Monday, March 30, 2015

Blogs do make a difference! Brace yourself, Piketty.

The age of blogs and open communication has helped everyone have a potential voice. Barriers to entry are low. Amateur and not so amateur Journalists, filmmakers, entrepreneurs, and economists now abound. 

Case in point:

MIT PhD student (Matt Rognlie) takes on Piketty.

He superbly points out 3 mistakes - read on

To Matt my fellow MIT alums, I say:

Monday, March 16, 2015

Paul Krugman and his appreciation for macroeconomic analysis

It seems that digging up previous economic theoretical/analytical breakthroughs via Nobel Prize in Economic profiles isn't all for naught:

My John Hicks/Kenneth Arrow executive summary profile was particularly instructional for me. Turns out that this is also the case for others. Their brilliant work was recently referenced by Mr. Paul Krugman.

Say that again?

As recently as two days ago, Paul Krugman made a macroeconomic analysis (John Hicks take reference in his New York Times blog.

Krugman cited Hick's take on the general equilibrium theory (specifically - discussing the way Hicks transformed the theory into a practical tool - and how his take on it plays into measuring an equilibrium between a national economy's commodity-based supply and demand...given, let's say - interest rate fluctuations and other dynamic variables that can be thrown into the neatly presented via Hicks' IS-LM model).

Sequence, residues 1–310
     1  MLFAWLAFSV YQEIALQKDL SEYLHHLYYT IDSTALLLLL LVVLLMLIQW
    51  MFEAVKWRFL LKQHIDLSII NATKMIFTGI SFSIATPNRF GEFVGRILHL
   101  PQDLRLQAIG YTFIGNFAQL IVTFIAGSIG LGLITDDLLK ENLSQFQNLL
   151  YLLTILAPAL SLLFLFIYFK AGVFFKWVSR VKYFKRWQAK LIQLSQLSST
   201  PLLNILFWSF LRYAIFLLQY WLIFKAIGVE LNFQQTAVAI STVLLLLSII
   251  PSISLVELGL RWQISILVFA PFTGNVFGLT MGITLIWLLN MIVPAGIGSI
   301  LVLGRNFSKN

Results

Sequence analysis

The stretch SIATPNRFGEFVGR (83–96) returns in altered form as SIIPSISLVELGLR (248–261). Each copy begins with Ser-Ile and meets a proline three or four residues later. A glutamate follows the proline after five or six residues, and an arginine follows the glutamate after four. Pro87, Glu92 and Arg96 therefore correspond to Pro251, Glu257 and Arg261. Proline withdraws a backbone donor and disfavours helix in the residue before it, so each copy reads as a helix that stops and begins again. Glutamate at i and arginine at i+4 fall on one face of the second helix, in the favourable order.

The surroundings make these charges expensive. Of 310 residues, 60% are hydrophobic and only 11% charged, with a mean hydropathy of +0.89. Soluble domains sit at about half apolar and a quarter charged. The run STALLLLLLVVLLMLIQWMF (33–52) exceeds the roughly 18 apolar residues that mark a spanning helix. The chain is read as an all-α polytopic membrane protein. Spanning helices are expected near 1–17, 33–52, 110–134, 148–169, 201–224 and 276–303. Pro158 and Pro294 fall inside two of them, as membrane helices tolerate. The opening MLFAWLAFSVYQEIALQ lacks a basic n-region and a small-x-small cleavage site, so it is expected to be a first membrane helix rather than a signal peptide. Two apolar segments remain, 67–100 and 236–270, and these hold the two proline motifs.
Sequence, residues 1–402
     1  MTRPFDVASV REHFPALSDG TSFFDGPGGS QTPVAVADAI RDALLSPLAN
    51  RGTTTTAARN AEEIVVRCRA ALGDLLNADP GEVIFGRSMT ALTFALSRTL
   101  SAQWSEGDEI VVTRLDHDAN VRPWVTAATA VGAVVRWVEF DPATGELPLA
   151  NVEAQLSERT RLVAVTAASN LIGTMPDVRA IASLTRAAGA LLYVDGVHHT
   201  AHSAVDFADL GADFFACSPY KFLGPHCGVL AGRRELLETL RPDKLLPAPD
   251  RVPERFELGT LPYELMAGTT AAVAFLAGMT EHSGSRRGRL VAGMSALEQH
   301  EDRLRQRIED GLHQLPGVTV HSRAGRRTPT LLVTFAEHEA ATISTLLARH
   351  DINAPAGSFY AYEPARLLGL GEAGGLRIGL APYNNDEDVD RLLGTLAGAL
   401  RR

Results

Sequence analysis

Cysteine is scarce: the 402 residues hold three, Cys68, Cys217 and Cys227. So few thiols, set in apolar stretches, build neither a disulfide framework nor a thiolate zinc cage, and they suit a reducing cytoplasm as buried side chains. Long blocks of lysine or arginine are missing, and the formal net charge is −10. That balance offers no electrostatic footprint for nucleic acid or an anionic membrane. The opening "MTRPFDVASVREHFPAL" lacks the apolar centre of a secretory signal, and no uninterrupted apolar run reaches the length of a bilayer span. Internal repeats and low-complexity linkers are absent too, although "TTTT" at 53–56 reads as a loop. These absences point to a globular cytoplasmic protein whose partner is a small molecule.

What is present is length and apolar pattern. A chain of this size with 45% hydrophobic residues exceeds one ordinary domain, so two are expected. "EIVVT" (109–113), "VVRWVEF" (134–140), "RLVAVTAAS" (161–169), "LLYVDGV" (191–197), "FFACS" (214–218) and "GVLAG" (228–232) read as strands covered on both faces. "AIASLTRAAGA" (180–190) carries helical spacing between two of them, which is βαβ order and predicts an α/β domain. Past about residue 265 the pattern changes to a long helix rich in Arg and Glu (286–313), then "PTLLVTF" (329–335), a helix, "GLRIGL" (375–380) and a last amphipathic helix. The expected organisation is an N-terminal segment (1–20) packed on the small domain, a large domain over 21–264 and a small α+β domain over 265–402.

The more I learn about past influential economists like Hicks, the more I understand how valuable economists' take on how economies function really is. 

Economists have been shedding light on how the world works, in very different ways: financially, sociologically, behaviorally, even philosophically.

An economist isn't responsible for having things work out a certain way. There's always too much at stake, and the outcome tied to random, non-linear variables is not only difficult to measure, but also impossible to predict. 

Still, economists help us understand the economic ghost in the machine that makes this complex world function.

For now, macroeconomic analysis has turned out to be pretty spot on.

Hear, hear!

Sunday, March 1, 2015

The Sveriges Riksbank Prize in Economic Sciences in Memory of Alfred Nobel 1973

1973 Nobel Prize in Economics winner Wassily Leontief - a brilliant mind who linked a profound cause-and-effect theory to a broader economic context, achieving practical value and extending useful economic research and theoretical work academics and public/private enterprise have greatly profited from, all the while keeping it simple

His development of the input-output method and analysis led to impactful economic theory applications throughout the the 20th century. His work provided a clearer way of determining the interrelationships between the theoretical "y" inputs required to provide a desired/required "x" output. Meaning, linking the interdependence between inputs required to oil the machinery behind industrial sectors to produce a particular output, which, itself is an input to another industry (ex: how commodities are used to produce other commodities, and so forth). In a broader context, this analysis also naturally applies to local/regional/national/international economies and their respective sectors.